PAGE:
Keep in mind that the quality of the connection is much more important than the quantity. I know that many people will disagree with me on this, but I would rather spend the entire evening talking to one person with whom I ‘click’ than collect a pocket full of cards that I can’t match up to faces.

Networking is very often a long term proposition – I usually have to cross paths with the same folks 2-3 times before they start calling about if I can help them or someone in their network.

Networking never ends when you leave the event. In fact, it just begins and that is what many people don’t realize. I rarely hear from the people I meet at events, and often wonder why they bothered to come? Always follow up with the people you met. If it was just a casual connection, without a clear direction on future relationships, send an email that says it was a pleasure to meet them at the event, and you look forward to crossing paths in the future. Put your contact information in the email – who knows, they might still want to see what it is you do, even if you did only have a brief exchange.

If the potential for future relationship is greater, an email or even a phone call is in order. If it is appropriate, set up a time to get together with that person for coffee or lunch, to talk more without the din of the crowd. Offer to send more information on what you do and ask that they do the same, so you can flesh out your understanding of their business. The best way to develop networking relationships is by reciprocity – telling someone that you would like to keep information stored away on them, so that you can refer business is usually met with an offer to do the same.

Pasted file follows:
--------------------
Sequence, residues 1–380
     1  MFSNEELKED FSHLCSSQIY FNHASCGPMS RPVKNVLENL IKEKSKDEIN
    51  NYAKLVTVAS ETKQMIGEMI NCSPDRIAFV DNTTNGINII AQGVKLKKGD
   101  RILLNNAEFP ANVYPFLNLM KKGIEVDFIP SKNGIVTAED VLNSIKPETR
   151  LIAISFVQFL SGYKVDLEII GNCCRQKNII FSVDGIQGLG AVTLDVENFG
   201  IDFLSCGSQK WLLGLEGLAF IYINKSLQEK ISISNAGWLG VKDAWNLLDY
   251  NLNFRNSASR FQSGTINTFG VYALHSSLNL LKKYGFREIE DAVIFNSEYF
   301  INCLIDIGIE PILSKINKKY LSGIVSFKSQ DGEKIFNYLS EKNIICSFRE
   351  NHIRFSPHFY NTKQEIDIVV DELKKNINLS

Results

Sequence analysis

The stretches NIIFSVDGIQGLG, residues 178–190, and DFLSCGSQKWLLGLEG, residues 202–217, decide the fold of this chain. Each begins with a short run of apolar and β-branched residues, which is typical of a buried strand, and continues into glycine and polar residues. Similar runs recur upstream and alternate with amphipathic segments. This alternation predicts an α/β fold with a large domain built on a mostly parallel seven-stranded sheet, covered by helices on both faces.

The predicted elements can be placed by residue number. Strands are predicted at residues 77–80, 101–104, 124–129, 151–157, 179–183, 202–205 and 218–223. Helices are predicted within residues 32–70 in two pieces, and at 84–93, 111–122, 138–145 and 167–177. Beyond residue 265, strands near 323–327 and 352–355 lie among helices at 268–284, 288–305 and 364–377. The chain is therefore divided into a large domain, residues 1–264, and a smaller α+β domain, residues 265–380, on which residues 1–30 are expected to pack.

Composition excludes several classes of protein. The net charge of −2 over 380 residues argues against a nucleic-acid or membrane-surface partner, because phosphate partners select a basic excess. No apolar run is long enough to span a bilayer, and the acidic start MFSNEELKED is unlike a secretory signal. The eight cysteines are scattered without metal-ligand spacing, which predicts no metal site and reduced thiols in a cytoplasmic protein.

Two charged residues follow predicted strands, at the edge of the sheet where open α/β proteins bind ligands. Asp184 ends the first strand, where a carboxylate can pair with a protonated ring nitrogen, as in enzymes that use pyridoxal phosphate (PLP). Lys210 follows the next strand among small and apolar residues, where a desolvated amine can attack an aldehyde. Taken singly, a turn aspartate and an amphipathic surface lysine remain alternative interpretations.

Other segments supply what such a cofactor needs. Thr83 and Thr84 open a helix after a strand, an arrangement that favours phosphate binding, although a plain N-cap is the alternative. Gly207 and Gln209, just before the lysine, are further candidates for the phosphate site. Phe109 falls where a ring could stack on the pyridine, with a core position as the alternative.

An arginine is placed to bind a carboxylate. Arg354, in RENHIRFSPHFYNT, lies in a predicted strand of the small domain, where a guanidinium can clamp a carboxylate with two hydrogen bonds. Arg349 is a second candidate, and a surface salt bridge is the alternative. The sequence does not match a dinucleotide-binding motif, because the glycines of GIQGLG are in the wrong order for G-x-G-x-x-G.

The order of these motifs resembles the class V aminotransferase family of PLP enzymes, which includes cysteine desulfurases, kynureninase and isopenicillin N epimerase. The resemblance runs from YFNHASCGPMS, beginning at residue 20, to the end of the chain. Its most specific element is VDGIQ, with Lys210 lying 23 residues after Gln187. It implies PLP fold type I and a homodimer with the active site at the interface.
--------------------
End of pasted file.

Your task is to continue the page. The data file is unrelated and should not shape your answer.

Make sure you also have a good relationship management process in place, too. Save the information on the people you meet, that you think there might be future potential for, and categorize them so you can find the information later.

I met a female lawyer at a recent event. We chatted for some time, had some good laughs, found a couple of common denominators, and exchanged business cards. I loved her energy and attitude, and she was interested enough in my business for my natural enthusiasm to bubble forth. I knew this was someone to weave into my relationship-network. So, shortly after, I wrote her an email, and set up lunch to discuss how we might help each other. As it happens, she works with many small business start ups, which would benefit from my services. And I frequently run across business owners who need an attorney. Going forward, my relationship-management systems will nudge me to follow up with her and perhaps do lunch occasionally, and I will periodically send her tidbits of information that might help her business.

The truth is she is the only person I really talked to at that event filled with 100+ business people, and it was worth every minute. Networking really isn’t so bad when you relax and focus the objective on just building one new relationship with someone you might sincerely like, respect and want to do business with.

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About the Author:

Eileen Parzek is a graphic designer and writer providing marketing and web design services. Always found at the intersection of information, creativity and technology, her business, SOHO It Goes! specializes in helping big thinking small businesses market and grow with technology.